Chew’s approach, known as the bootstrap philosophy, the bootstrap method, or simply “the bootstrap,” came without an operating manual. The point was to apply whatever general principles and consistency conditions were at hand to infer what the properties of particles (and therefore all of nature) simply had to be. An early triumph in which Chew’s students used the bootstrap to predict the mass of the rho meson — a particle made of pions that are held together by exchanging rho mesons — won many converts.
The effort gained greater traction again in 2008 when physicist Slava Rychkov and colleagues at CERN decided to use these methods to build a physics theory that didn’t have a Higgs particle. This turned out not to be necessary (I suppose), but the work was productive none-the-less in the development of bootstrapping techniques.
The symmetries of physical systems at critical points are transformations that, when applied, leave the system unchanged. Particularly important are scaling symmetries, where zooming in or out doesn’t change what you see, and conformal symmetries where the shapes of things are preserved under transformations. The key to Polykov’s work was to realize that different materials, at critical points, have symmetries in common. These bootstrappers are exploring a mathematical theory space, and they seem to be finding that the set of all quantum field theories forms a unique mathematical structure.
What’s most interesting about all of this is that these physicists are investigating the geometry of a ‘theory space,” where theories live, and where the features of theories can be examined. Nima Arkani-Hamed, Professor of physics at the Institute for Advanced Study has suggested that the space they are investigating could have a polyhedral structure with interesting theories living at the corners. It was also suggested that the polyhedral might encompass the amplituhedron – a geometric object discovered in 2013 that encodes, in its volume, the probabilities of different particle collision outcomes.
Wolchover wrote about the amplituhedron in 2013.
The revelation that particle interactions, the most basic events in nature, may be consequences of geometry significantly advances a decades-long effort to reformulate quantum field theory, the body of laws describing elementary particles and their interactions. Interactions that were previously calculated with mathematical formulas thousands of terms long can now be described by computing the volume of the corresponding jewel-like “amplituhedron,” which yields an equivalent one-term expression.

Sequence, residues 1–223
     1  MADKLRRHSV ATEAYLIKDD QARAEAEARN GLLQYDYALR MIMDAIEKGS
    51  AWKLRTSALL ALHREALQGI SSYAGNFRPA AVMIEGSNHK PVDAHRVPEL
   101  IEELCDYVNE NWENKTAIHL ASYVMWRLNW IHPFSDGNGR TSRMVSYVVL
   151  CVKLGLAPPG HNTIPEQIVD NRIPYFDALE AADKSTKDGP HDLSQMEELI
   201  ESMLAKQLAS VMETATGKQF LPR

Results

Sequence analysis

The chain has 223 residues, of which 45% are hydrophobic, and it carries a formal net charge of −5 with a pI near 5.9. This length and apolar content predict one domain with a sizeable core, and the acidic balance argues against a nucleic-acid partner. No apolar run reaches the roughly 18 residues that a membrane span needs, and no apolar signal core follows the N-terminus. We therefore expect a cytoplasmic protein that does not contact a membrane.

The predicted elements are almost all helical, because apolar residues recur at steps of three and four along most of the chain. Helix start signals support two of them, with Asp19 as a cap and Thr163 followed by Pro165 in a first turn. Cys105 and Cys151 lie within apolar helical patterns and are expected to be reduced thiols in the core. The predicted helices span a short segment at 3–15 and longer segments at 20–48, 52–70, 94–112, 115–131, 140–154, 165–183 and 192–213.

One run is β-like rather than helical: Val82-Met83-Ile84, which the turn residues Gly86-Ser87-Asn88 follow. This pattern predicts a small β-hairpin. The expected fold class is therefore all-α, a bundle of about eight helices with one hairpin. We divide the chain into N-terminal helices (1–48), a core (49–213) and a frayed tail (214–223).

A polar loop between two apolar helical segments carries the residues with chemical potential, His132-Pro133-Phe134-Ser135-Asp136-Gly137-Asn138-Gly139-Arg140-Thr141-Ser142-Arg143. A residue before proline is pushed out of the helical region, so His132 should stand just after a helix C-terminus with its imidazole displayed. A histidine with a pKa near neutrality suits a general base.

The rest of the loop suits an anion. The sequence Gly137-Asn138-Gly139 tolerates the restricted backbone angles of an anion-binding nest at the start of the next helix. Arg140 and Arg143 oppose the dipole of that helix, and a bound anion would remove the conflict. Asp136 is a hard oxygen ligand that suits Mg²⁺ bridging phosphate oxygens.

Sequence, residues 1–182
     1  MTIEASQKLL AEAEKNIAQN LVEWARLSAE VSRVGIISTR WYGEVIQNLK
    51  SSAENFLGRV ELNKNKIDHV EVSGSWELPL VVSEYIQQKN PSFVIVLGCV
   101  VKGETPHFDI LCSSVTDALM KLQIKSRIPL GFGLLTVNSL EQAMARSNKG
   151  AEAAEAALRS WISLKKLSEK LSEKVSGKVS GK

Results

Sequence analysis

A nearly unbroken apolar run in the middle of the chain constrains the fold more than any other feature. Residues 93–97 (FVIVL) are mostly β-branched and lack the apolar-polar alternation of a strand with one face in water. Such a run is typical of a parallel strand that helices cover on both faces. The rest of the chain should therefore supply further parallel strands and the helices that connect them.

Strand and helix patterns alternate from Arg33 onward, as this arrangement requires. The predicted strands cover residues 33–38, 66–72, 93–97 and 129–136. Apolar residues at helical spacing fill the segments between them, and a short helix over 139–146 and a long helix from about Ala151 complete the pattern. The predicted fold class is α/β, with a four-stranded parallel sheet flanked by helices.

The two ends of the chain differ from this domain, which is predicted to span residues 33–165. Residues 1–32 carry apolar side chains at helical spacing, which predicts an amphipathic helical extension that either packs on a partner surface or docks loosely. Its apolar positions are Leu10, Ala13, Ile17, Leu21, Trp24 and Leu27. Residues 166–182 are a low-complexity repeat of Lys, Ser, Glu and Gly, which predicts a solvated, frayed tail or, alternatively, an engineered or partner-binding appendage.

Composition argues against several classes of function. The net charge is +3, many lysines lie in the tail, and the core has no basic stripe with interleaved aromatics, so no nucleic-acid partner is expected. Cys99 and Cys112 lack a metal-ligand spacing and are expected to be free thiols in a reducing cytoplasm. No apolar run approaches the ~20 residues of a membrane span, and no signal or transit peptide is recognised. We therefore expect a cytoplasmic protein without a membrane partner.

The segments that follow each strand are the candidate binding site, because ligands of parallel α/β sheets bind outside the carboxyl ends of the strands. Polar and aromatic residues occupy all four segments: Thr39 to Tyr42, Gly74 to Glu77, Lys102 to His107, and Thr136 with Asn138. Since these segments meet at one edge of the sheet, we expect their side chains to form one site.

The decades-long effort is the one to which Chew also contributed. The discovery of the amplituhedron began when some mathematical tricks were employed to calculate the scattering amplitudes of known particle interactions, and theorists Stephen Parke and Tomasz Taylor found a one term expression that could do the work of hundreds of Feynman diagrams that would translate into thousands of mathematical terms. It took about 30 years for the patterns being identified in these simplified expressions to be recognized as the volume of a new mathematical object, now named the amplituhedron. Nima Arkani-Hamed and Jaroslav Trinka published results in 2014.
Again from Wolchover:
Beyond making calculations easier or possibly leading the way to quantum gravity, the discovery of the amplituhedron could cause an even more profound shift, Arkani-Hamed said. That is, giving up space and time as fundamental constituents of nature and figuring out how the Big Bang and cosmological evolution of the universe arose out of pure geometry.
Whatever the future of these ideas, there is something inspiring about watching the mind’s eye find clarifying geometric objects in a sea of algebraic difficulty. The relationship between mathematics and physics, or mathematics and material for that matter, is a consistently beautiful, captivating, and enigmatic puzzle.